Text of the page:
Friday, October 03, 2008

Divisions within French Islam Deepen at Ramadan

FRANCE 24: As the month of Ramadan came to an end, FRANCE 24 went behind the scenes at French Council of the Muslim Faith (CFCM) and witnessed the divisions within French Islam.

The Muslim holy month of Ramadan has just ended and our reporter, James André, has been breaking the fast with Muslims around the country. What he found was a fight for influence among preachers sent to France by rival countries. In 2002, French President Nicolas Sarkozy - interior minister at the time - created a governing body for Islam in France, the CFCM. It was intended to be the face and voice of the country's Muslim community. But who should run it? Moroccan-born Muslims? Algerian-born Muslims? Both countries are widely represented within the French Muslim community. They've been vying for the top spot and, six years on, there is an ongoing turf war.

The town of Evry, on the outskirts of Paris, is home to France's biggest mosque. Every evening during the month of Ramadan, thousands of faithful gather here to pray before breaking the fast. The crowds are so large the mosque had to call in two extra imams from Morocco. The rector of the mosque explains that an agreement was signed with France's Interior Ministry to allow Morocco to officially send imams to meet France's mosques' needs. One hundred and fifty preachers have been sent to France for Ramadan. One of them was hand-picked by the Religious Affairs Ministry. A graduate of one of Morocco's top Koranic schools, he belongs to the elite of his country's religious establishment. His mission is clear: to ward off extremist influences.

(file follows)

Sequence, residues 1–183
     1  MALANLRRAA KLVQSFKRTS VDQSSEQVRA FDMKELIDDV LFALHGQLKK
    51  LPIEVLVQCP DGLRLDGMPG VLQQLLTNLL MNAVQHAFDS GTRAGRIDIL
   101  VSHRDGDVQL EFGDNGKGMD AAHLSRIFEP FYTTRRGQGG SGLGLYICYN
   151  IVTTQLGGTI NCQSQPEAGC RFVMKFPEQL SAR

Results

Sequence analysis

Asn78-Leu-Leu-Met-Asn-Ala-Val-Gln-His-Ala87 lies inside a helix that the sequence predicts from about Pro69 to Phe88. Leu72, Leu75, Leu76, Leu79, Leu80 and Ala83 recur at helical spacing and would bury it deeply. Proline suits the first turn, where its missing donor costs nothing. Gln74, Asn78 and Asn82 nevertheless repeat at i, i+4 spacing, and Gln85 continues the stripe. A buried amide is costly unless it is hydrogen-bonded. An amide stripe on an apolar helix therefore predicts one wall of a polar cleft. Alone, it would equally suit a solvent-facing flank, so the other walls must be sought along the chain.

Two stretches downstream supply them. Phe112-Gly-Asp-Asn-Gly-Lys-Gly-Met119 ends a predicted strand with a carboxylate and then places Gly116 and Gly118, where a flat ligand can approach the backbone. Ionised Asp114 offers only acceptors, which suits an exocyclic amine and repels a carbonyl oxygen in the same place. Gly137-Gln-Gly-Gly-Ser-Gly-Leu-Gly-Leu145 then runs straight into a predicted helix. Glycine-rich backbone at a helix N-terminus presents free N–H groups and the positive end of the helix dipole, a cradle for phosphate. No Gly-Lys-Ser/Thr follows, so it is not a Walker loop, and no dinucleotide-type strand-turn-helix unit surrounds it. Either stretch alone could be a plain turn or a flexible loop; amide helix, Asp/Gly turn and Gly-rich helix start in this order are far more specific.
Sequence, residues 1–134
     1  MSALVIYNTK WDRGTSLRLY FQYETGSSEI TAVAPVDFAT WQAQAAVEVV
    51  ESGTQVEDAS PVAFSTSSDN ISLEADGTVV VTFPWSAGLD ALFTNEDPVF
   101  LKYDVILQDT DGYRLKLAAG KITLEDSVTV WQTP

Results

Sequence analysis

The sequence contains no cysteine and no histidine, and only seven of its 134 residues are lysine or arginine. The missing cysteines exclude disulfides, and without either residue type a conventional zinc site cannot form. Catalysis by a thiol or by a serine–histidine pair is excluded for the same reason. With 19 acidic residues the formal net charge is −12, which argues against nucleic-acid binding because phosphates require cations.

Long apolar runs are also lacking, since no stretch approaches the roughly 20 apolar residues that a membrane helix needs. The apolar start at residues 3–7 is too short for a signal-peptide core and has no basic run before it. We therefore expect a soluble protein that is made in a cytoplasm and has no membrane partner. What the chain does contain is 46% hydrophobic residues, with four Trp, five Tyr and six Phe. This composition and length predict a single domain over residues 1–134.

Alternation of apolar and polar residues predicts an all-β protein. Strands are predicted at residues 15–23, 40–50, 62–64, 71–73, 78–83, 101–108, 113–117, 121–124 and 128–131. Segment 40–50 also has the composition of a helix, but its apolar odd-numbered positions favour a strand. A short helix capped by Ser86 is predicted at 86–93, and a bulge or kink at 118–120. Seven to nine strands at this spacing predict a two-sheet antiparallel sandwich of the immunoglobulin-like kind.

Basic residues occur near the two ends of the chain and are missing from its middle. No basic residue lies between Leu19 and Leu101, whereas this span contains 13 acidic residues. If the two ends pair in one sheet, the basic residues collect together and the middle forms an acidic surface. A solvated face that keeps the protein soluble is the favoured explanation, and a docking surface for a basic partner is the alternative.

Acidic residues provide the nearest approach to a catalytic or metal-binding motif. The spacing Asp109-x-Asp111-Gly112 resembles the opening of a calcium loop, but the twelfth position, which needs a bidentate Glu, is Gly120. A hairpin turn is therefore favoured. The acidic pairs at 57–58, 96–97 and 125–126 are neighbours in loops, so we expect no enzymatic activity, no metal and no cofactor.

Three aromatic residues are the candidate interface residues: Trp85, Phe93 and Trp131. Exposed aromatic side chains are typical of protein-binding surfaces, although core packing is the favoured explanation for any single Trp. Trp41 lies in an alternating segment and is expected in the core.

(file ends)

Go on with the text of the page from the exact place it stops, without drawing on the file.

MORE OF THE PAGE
After his sermon, the faithful have differing opinions. One of them approves: "It's a very good idea. Even the Imams who come from the Gulf are very well versed in religion. We'd like to see more initiatives like this one." But another had trouble understanding the speech: "Some of the faithful here come from Asia, or from Africa, and they have a hard time understanding Arabic, or don't understand it at all. So we'd like to have imams who speak French." Divisions within French Islam Deepen at Ramadan >>> | October 3, 2008

Please don’t forget to watch the video, which, unfortunately, I cannot embed.

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